One more bonus? Manuka honey is a natural humectant, meaning it draws in moisture from the air and traps it in your skin. This kind of function is essential for hydration—you know, the key to keeping skin looking bright, plump and healthy.

It Sounds Great, but Is It Really for Me?

If you think all this makes manuka honey seem luxurious, you’re spot on. And in recent history, it’s been an ingredient associated with the high-end naturals buying market. (Sounds pricey, doesn’t it?) Luckily, it’s starting to trickle down to the rest of us.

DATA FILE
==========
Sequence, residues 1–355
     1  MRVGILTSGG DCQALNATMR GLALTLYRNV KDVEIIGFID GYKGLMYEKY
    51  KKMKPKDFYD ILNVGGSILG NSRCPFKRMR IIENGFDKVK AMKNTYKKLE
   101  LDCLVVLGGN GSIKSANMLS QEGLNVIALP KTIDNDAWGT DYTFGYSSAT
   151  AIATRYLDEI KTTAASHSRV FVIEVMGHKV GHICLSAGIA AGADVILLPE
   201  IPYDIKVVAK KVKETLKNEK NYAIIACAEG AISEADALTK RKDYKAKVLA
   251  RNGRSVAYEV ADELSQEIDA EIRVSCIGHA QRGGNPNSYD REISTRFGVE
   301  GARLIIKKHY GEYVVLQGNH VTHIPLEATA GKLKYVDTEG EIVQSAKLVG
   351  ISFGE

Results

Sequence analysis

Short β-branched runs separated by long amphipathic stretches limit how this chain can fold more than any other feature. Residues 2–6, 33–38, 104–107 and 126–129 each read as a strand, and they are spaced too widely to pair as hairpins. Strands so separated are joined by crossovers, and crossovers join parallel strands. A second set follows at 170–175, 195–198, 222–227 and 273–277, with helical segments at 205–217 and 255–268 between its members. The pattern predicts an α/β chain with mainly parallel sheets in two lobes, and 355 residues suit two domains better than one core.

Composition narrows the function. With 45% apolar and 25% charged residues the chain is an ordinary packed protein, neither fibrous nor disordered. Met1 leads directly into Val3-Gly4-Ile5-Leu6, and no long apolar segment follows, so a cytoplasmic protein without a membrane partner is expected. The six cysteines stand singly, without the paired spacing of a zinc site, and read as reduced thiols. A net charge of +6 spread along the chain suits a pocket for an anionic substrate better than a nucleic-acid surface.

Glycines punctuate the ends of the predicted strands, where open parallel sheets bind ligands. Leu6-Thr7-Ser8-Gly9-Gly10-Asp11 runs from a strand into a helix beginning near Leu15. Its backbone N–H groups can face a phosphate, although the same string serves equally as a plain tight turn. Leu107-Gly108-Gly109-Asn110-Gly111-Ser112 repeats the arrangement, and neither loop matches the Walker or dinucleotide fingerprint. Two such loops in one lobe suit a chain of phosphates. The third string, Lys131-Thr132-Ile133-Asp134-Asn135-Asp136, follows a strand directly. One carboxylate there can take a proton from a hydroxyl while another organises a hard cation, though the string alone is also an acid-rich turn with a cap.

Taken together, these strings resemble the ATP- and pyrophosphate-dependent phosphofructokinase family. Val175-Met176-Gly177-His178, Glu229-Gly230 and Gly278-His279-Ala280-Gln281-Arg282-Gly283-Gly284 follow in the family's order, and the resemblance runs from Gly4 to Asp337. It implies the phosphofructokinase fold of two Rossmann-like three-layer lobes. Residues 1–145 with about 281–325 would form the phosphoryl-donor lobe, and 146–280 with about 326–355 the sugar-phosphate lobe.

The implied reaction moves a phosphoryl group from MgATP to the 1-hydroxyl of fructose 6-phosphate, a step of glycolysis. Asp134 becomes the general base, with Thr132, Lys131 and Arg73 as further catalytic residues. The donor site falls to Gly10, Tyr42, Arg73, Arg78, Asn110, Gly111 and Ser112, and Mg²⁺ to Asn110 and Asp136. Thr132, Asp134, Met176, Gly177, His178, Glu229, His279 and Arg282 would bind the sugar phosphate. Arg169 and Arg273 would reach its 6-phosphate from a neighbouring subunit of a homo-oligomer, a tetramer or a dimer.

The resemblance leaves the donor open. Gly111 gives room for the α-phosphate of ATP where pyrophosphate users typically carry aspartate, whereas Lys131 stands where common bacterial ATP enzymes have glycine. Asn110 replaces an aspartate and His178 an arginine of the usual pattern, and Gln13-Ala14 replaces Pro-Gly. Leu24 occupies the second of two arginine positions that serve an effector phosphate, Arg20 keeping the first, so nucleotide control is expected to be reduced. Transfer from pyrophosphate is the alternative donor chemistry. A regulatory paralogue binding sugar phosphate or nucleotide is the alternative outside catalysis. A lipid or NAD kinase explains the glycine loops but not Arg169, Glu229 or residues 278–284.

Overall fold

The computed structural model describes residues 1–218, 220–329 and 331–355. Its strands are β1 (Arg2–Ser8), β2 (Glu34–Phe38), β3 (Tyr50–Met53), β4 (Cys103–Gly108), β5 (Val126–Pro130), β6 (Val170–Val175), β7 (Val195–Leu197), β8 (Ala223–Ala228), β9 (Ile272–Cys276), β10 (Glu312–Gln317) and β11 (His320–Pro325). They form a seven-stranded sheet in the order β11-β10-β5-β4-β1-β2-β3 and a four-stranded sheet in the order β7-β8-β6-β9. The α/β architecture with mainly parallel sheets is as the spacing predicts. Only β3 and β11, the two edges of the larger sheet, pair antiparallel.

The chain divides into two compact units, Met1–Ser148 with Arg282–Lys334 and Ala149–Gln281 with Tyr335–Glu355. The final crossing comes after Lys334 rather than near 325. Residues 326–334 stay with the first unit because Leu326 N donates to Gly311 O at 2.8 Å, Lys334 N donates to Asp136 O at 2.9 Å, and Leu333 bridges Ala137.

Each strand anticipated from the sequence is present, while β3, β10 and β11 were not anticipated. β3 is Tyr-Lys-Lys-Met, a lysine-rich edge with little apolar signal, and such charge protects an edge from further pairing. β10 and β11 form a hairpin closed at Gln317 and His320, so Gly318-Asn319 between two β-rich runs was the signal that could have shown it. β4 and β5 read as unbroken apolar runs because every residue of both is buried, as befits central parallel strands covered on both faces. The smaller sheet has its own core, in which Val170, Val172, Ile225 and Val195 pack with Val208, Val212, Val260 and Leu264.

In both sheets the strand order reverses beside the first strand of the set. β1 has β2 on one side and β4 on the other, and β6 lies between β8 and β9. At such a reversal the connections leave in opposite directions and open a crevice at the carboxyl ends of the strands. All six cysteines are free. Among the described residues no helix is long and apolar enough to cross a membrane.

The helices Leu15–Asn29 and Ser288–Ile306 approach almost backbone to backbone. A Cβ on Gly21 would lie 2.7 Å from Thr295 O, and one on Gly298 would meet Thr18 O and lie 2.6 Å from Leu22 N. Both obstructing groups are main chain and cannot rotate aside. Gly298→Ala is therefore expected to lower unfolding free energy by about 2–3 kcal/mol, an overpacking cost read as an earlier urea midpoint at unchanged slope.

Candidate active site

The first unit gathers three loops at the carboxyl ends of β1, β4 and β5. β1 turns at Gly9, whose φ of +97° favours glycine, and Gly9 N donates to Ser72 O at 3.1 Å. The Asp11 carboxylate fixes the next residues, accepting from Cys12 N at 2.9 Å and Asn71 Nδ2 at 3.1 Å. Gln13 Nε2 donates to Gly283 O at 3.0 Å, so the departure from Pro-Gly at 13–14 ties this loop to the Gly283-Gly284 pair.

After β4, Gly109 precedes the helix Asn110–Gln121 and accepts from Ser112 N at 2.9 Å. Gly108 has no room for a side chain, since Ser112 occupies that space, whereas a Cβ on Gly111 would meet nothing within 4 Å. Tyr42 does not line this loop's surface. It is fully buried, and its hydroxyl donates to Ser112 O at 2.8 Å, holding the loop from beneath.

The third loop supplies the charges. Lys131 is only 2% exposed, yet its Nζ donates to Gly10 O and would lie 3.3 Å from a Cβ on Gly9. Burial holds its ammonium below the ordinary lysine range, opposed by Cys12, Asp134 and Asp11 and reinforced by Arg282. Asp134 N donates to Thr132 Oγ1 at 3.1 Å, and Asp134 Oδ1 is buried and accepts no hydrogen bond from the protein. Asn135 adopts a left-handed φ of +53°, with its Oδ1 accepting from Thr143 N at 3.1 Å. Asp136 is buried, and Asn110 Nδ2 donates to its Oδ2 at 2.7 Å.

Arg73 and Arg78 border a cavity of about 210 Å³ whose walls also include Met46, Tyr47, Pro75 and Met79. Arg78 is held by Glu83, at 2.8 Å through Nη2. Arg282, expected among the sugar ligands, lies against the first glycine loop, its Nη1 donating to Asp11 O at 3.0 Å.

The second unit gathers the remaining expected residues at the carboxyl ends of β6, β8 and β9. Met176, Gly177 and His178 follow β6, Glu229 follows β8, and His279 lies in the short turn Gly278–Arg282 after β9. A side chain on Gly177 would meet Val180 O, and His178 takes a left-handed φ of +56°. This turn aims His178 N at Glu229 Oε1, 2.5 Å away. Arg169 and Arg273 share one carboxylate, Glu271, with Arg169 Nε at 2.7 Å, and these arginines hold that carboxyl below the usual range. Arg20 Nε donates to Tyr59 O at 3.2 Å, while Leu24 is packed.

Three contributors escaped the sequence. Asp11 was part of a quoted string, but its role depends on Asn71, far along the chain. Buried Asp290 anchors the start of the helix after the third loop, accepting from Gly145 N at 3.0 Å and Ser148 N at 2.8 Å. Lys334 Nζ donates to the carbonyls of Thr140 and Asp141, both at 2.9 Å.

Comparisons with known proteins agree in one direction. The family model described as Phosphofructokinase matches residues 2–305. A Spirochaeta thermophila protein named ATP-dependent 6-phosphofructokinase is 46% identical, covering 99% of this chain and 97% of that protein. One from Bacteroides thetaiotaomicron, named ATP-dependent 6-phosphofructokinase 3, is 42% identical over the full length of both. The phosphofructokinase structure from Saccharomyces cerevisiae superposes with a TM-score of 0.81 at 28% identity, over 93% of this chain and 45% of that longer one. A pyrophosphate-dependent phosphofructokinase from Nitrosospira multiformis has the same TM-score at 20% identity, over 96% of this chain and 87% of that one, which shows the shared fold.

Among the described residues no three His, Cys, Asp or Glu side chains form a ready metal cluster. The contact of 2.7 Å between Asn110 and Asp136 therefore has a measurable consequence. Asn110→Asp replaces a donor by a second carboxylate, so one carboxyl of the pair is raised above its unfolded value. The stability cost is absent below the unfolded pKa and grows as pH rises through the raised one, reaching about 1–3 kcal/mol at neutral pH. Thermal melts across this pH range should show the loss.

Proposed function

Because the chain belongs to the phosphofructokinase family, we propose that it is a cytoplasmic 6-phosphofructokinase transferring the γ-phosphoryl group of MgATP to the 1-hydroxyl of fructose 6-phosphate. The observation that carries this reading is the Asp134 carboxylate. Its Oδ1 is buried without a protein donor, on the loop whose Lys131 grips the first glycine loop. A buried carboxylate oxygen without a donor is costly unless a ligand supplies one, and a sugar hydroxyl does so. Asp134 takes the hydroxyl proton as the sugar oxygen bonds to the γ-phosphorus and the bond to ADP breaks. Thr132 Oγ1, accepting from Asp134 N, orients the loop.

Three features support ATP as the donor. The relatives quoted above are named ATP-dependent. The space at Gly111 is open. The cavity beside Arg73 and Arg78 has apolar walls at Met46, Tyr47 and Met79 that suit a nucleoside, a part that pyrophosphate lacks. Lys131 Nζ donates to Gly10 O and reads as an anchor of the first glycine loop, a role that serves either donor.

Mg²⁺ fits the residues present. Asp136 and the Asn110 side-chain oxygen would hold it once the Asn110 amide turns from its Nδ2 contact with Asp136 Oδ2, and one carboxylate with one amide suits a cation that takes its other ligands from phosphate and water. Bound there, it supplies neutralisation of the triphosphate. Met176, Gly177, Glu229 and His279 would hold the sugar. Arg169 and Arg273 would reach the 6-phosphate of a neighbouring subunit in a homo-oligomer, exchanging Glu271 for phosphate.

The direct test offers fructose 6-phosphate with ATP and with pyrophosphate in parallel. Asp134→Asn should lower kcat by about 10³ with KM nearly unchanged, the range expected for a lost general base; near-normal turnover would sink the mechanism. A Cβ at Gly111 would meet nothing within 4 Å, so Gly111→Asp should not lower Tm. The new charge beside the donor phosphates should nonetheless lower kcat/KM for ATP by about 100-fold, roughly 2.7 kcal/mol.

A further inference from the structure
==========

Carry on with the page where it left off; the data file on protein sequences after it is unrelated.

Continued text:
Case in point? Kiwi Botanicals, a sustainable, natural skincare brand that has managed to tap the power of manuka honey in little $15 (or less) jars and tubs. Better yet, you can buy it at Walmart. The folks at Kiwi Botanicals believe that a truly indulgent skincare routine is one that’s clean, structured and simple: It washes away the bad (dirt) and maintains the good (moisture). They also believe in melty, slimy, gooey, foamy products that make your skin feel smooth, healthy and glowed-up.

Shop their products below to try manuka honey for yourself, the latest trend-star that you won’t regret putting on your face.

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Director, Branded Content

Cristina Polchinski is a director of branded content at Gallery Media Group. She produces sponsored content campaigns across all verticals and platforms, in addition to...